Friday, October 16, 2015

Goosebumps ★★




    As a child growing up in the 1990s, there was nothing more exciting or enjoyable than indulging in the latest installment of the "Goosebumps" seriesa collection of children's novels written by the ever reclusive R.L. Stine. These adolescent tales of terror were infused with childlike imagination, subtle humor, and, generally speaking, glorious characterizations, most of which came in the form of something covered with hair or dripping with ooze. I suppose it was just a matter of time before these unique narratives made their way onto the silver screen.

    Although the 2015 release, simply entitled "Goosebumps," does well to include the above-mentioned nuances of Stine's writing style, it merely comes off as formulaic, repetitive, and, quite frankly, it comes off as a poor example of metafiction. (The picture routinely hints at its artificiality and literariness, yet this does little in the way of providing the film with any sense of soul or depth.) I'm sure that audiences understand the fact that this is a work of fiction and calling attention to this quality, I guess in an effort to deter skepticism and to evoke what I would deem to be "cuteness," only limits the effectiveness of the material. We are even told that "Goosebumps" tales involve twists, turns, frights, and personal growth for the central protagonist; however, these attributes are not only relatively absent, but the deficiency of such things only alludes to the picture's inability to deliver on its promises.

    The storyline here centers on Zach (Dylan Minnette), an average teenage boy who suddenly finds himself in a circumstance that can only be designated as adolescent purgatory: that is, he becomes the new kid in town. This leads directly to Zach's befriending of Champ (Ryan Lee), the token geek and the only individual who is likely to make a friend of the local high school's "fresh meat." Everything seems somewhat run-of-the-mill in fictional Madison, Delaware, that is until Zach meets Hannah (Odeya Rush), the cute and rather rambunctious girl next door who likes to sneak out at night and defy her father's demands. In fact, it is the peculiar relationship between Hannah and her father that will ultimately send Zach and company on a perilous journey in which they must save the town from imminent danger. What is this impending threat? Well, considering the fact that the marketing team for "Goosebumps" clearly utilizes the conflict of the picture as a selling point, then I am sure that if you are reading this you are already aware of the complication.

Image result for Goosebumps film stills monsters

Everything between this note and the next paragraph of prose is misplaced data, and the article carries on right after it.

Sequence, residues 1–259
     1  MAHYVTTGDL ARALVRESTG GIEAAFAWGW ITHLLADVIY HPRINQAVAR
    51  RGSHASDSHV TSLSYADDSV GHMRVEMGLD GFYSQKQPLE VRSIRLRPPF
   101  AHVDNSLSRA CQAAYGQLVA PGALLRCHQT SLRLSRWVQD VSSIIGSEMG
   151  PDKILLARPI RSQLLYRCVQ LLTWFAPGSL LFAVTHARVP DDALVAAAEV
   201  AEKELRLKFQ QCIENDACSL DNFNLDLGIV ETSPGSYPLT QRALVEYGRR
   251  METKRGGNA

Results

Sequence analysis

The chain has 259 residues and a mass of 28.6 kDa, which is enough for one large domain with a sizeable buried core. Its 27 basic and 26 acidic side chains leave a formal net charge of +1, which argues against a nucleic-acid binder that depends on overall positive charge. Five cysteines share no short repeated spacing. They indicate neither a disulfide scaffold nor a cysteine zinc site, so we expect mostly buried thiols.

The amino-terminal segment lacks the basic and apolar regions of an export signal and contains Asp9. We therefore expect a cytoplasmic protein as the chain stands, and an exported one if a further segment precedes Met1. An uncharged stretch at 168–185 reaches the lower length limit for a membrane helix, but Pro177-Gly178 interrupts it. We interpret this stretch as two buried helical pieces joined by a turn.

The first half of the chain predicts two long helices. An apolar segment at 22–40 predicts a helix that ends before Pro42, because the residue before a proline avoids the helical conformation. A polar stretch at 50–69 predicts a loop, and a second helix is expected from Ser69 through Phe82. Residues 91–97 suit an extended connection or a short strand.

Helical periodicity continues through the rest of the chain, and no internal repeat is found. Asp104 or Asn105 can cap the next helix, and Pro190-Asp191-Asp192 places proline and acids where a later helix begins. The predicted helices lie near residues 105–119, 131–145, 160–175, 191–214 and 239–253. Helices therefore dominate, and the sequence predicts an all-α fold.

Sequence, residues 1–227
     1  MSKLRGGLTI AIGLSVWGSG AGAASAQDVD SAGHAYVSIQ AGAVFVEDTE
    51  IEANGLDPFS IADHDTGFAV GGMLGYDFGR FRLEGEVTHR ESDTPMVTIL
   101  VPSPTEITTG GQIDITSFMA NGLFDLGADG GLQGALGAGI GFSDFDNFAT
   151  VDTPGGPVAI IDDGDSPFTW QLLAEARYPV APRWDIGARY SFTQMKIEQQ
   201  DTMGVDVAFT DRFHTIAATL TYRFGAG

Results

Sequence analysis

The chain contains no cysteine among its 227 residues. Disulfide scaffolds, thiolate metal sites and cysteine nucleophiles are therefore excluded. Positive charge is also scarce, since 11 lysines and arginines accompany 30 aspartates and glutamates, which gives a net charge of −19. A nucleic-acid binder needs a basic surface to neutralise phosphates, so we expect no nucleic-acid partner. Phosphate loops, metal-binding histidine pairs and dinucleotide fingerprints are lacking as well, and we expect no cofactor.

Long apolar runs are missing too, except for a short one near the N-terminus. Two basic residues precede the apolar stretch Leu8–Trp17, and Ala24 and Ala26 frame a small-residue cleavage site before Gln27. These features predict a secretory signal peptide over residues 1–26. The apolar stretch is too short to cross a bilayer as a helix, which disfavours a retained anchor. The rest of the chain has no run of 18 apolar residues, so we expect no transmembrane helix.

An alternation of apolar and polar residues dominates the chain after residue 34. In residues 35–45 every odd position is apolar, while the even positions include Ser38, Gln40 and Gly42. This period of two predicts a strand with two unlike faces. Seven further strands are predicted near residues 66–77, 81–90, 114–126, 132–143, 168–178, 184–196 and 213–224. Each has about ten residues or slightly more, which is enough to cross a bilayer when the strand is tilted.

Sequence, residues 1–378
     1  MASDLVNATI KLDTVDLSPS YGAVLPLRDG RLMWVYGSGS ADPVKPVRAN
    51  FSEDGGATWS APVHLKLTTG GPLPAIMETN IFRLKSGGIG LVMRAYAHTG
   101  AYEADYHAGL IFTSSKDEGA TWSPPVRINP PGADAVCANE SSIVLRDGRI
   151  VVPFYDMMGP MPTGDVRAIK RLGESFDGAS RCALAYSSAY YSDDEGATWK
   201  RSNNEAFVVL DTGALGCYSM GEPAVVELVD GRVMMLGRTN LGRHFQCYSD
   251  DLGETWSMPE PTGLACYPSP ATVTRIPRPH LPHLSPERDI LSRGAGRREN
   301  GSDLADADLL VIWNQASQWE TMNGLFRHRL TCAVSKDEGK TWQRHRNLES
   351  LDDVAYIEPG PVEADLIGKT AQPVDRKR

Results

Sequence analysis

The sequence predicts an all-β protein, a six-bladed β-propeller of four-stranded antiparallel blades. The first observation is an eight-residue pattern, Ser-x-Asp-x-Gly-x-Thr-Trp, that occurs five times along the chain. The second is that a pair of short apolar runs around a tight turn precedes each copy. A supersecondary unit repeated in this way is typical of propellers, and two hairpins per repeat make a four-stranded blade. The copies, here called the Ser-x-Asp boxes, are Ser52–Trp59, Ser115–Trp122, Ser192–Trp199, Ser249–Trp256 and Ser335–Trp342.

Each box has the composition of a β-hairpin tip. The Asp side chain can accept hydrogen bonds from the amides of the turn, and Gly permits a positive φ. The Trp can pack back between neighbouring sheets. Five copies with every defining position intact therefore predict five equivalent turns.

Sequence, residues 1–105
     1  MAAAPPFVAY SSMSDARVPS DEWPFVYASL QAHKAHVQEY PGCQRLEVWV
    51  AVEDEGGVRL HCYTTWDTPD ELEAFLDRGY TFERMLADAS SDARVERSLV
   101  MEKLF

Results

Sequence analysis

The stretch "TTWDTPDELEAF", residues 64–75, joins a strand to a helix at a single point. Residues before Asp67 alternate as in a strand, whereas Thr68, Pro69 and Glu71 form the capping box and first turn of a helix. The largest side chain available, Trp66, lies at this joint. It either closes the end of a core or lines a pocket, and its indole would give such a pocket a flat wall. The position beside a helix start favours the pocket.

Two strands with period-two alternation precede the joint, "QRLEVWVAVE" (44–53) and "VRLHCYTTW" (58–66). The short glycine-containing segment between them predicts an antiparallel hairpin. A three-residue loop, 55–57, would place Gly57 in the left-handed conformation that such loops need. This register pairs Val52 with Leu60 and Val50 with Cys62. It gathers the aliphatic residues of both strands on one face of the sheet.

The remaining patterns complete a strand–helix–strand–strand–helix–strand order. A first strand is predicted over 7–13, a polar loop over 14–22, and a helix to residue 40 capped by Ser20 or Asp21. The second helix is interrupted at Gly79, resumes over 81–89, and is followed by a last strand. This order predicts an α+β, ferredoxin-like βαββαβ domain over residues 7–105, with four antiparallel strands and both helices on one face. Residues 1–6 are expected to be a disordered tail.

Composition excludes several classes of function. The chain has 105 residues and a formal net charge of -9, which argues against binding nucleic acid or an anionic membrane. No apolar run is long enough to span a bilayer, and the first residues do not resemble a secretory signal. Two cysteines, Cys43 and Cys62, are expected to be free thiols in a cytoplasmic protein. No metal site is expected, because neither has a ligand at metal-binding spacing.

At length, "Goosebumps" is a film that suffers mightily from a poor sense of direction and from what seems to be an even more inept writing exhibition. Director Rob Letterman ("Shark Tale,"Monsters vs. Aliens") provides nothing in the realm of spirit or verve, and this, unfortunately, leads to several unflattering transitions between fixed-framed and hand-held shots and to a tone that is comparable to that of any network television production. (The latter of which certainly not being a compliment.) As for the script, it relies heavily on stereotypical personas, chase sequences, and on a number of awkward moments infused with teenage hormonal attraction, all in an effort to evoke some hint of laughter from the audience. Is it successful? To some extent it is, yet adequate humor loses its zest once it becomes evident that the rest of the film cannot keep pace.

    What is destined to be forgotten here are the three performances provided by an extremely youthful cast. Minnette, Lee, and Rush each had one notable acting credit coming into this production, and although none of them were particularly dreadful, I would be surprised if this showcasing led to anything other than mediocre work. (I'm afraid that Rush's role here may inevitably lead to the typecasting trap as she is too young to engage in parts brimming with maturity and as her likeness to actress Mila Kunis may become problematic over time.) With all of that being said, however, it may just be an incompetent release date that ultimately does "Goosebumps" in; for, the film only has two weeks to make its mark before Halloween comes and goes. Luckily, for most audiences, Halloween will pass by quickly enough, and the memory of "Goosebumps" will fade into obscurity where it belongs.                           

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